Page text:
12 Argentine Desserts: Alfajores, Medialunas & More

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Don’t know the medialuna from the chocotorta? You’re in the right place — this guide to Argentine desserts is here to help!

Medialunas: Sweet Breakfast Croissants

Considered a breakfast food, medialunas are a type factura, the umbrella term for Argentine pastries.

The medialuna, or sweet croissant, is ubiquitous in cafés throughout Argentina as a breakfast, mid-morning, or any-time snack — there is hardly a café or restaurant in the country which doesn’t serve them.

Facturas come in a variety of shapes and flavors from dulce de leche (milk caramel) filled donuts to apple lattices.

Medialunas, sugary croissants, displayed in a Buenos Aires' bakery
Medialunas: Argentina’s favorite breakfast.

The simple medialuna is by far the most popular and widely eaten factura, and as such, they are often seen stacked along the bar in cafes across the country.

Medialunas come in two forms: butter (medialunas de manteca) and lard (medialunas de grasa).

The slim lard-made crescents are less sweet, while the larger, butter medialunas tend to be very sweet, fluffy and topped with a sugar glaze.

Alfajores

Alfajores are an Argentine snack cake consisting of two soft cakes, held together by roughly a centimeter of dulce de leche, jam or mousse and covered in meringue powder or chocolate.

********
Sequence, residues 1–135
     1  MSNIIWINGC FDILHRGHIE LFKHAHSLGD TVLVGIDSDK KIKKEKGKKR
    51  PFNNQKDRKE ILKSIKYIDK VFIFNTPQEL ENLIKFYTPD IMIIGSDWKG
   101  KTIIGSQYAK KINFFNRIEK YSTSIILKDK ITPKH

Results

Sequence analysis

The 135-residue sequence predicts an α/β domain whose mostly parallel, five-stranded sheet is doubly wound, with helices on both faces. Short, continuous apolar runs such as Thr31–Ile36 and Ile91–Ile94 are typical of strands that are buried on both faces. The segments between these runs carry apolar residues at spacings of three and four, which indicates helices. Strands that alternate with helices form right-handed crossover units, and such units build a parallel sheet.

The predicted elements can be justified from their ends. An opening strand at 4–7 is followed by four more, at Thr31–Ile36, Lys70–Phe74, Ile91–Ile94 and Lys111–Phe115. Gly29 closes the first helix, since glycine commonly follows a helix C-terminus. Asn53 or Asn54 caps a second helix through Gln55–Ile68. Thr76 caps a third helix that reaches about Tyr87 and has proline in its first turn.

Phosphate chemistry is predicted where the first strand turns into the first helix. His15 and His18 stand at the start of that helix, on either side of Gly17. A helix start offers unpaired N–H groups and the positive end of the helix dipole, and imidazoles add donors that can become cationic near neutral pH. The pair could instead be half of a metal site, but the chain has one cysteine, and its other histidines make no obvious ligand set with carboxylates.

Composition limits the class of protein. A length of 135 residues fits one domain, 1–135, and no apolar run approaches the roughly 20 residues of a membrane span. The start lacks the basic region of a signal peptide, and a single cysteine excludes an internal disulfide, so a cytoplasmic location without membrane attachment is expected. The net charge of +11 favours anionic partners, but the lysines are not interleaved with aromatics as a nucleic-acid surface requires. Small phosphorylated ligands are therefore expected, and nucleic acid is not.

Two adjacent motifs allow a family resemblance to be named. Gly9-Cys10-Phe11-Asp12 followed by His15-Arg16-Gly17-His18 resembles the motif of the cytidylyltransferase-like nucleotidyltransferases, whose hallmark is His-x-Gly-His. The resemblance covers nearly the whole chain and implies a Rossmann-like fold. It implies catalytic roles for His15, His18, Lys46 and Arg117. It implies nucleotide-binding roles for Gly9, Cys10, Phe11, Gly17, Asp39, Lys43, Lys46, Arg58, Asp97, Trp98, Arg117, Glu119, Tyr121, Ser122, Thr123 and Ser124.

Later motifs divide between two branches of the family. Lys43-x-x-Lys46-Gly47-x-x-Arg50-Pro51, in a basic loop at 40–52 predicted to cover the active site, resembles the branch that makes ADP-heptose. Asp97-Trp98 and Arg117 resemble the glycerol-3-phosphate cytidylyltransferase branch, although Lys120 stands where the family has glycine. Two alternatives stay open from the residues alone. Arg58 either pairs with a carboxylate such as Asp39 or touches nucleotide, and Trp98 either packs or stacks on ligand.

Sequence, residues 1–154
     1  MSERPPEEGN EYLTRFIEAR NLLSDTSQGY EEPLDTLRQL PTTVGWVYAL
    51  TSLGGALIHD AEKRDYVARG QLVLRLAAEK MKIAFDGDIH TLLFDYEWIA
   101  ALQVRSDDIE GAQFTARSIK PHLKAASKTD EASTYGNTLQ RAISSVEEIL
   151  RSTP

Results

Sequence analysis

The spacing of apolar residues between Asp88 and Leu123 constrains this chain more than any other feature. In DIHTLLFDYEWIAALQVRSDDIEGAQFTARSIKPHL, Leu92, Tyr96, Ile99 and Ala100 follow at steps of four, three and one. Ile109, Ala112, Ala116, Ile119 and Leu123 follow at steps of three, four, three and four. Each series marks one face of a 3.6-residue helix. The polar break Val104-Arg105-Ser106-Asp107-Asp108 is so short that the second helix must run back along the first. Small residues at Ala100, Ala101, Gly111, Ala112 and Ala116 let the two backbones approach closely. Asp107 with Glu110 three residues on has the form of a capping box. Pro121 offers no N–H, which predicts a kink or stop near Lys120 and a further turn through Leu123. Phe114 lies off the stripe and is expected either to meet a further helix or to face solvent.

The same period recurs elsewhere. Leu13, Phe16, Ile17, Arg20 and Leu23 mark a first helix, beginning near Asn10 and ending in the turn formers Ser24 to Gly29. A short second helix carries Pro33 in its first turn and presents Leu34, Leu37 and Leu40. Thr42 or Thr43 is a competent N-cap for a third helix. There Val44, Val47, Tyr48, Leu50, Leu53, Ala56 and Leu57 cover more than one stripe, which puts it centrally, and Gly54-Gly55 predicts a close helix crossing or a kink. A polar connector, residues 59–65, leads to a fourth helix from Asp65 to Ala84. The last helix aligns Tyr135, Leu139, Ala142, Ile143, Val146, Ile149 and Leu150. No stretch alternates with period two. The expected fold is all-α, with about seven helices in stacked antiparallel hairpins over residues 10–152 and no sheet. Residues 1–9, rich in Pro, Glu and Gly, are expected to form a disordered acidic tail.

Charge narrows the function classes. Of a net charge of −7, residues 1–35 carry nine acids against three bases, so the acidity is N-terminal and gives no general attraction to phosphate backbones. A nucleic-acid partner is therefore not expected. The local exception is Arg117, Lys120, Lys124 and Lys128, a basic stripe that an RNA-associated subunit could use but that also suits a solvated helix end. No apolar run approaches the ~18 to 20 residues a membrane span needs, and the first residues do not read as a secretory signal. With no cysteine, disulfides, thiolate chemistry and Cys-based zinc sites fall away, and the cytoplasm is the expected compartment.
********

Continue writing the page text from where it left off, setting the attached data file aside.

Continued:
The Argentine twist on the ancient Arab dessert, alajú, this portable treat became popular in the mid-19th century in Argentina.

Today, Argentina is the world’s number one consumer of alfajores.

Visitors to Argentina cannot leave without trying at least one alfajor, and they aren’t hard to find.

Commercial versions are available in every supermarket and there are specialty alfajor shops all over the country.

Chocotorta

Chocotorta: a traditional no-bake Argentine birthday cake

Locals describe chocotorta as ‘a cake that you cannot possibly get wrong.’ This claim to fame has made it a staple of those who cannot afford to bring a good bottle of booze to a birthday party.

On the rare occasion, sophisticated versions are served at upscale confiterías, but the typical peasant version is made with store-bought chocolate cookies called Chocolinas soaked in milk or coffee, and then layered with dulce de leche and cream cheese.

Some versions omit the cream cheese and just consist of a layer of the chocolate cookie cake with dulce de leche smeared on top.

This adaptable cake requires no baking and can be made in a pinch. Recommended for afternoon tea with a submarino (Argentine hot chocolate).

Pasta Frola

Pasta Frola, the most pie-like of Argentine desserts, looks and tastes a lot like a sophisticated jam tart. The standard version of this tart is made with dulce de membrillo, a quince jam or dulce de batata, a sweet potato mash that makes this version more like a pumpkin pie.